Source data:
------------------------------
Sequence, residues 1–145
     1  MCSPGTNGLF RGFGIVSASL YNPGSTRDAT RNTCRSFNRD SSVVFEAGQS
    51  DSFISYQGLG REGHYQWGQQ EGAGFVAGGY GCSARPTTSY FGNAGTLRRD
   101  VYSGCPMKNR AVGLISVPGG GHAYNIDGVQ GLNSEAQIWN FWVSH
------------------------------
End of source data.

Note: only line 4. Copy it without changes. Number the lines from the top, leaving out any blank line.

   101  VYSGCPMKNR AVGLISVPGG GHAYNIDGVQ GLNSEAQIWN FWVSH